Not appreciating the differences between PPM and SPM—and falling victim to strategic portfolio management myths—will decrease your odds of success. Let’s clear up some of these common misconceptions (and address those pesky watermelons...).
Successful program managers create an atmosphere where team members aren’t afraid if they fail early and adjust. In return, they expect transparency, honesty, loyalty, engagement and alignment on objectives. By encouraging input from everyone, they bring out the best in their teams.
We have to look at more than just the traditional project portfolio when it comes to advancing a business—and that means PMOs also have to look beyond projects. But what does that actually look like? Two specific portfolios are becoming more critical to organizational success.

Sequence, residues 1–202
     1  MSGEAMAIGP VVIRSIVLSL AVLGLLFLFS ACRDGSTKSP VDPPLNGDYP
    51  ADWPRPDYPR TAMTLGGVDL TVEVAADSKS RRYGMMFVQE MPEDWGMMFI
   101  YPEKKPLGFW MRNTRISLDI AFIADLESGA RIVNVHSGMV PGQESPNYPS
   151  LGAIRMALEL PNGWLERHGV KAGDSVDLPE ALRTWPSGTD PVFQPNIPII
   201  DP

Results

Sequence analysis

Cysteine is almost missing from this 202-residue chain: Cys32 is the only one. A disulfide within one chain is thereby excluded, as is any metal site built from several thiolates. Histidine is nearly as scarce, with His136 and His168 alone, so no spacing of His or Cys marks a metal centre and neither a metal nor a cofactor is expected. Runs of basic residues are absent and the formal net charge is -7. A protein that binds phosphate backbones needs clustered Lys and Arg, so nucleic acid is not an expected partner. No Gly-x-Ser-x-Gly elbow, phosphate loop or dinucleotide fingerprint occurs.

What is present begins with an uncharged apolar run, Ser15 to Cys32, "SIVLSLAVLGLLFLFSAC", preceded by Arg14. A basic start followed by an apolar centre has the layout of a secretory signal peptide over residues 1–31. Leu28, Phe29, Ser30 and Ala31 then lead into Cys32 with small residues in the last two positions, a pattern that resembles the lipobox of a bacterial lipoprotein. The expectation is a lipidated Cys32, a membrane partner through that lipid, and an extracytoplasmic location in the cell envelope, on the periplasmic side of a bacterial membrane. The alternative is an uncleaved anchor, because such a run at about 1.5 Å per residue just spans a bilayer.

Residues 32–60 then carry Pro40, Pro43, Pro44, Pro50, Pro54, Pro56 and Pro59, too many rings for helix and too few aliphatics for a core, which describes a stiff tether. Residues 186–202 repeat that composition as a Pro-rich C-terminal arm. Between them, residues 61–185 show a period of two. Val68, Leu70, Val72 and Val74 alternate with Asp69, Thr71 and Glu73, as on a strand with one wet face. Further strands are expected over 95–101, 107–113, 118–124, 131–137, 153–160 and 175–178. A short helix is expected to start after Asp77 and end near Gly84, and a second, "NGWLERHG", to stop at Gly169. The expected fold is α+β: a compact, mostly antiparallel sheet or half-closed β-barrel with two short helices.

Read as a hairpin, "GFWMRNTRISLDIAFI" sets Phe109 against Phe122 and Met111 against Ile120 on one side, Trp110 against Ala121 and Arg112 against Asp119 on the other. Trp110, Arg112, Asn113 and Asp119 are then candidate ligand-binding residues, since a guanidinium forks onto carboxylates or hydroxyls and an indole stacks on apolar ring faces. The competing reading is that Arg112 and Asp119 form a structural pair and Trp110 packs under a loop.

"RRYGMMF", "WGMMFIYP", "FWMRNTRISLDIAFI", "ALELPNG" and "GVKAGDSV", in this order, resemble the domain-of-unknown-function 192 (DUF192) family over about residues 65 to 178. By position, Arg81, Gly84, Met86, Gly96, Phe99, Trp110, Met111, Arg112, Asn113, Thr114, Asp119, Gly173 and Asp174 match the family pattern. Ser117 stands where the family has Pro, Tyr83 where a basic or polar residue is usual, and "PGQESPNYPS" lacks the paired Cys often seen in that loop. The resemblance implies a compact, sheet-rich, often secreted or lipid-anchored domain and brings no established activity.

Given the monumental engagement landscape of an organization that an enterprise program management office oversees, the skill requirements for an EPMO seem difficult to contemplate, much less possible to execute. Let’s look at a few behaviors that are needed to position the next generation of EPMO leadership for success.
As organizations strive to respond faster to ever-changing business conditions, their strategic decision-making windows get tighter. But they also need to remain open to a range of perspectives and input. How does that work?
Attempts to pursue maturity as defined by a model may lead a PMO—and the larger organization—to miss out on opportunities to improve performance in other ways. If your maturity model isn't the right approach, what’s the alternative?
Not everyone believes that PMOs have an important role to play. Some stakeholders still view them as reporting and oversight functions that have little relevance in today’s world. PMOs need to change that perception—and digital disruption is a good way to start.
There’s been a lot of focus on empowering project delivery teams to work how they see fit, but what are the implications of that for PMOs in terms of their day-to-day work? There’s no single answer, but a services menu model can help.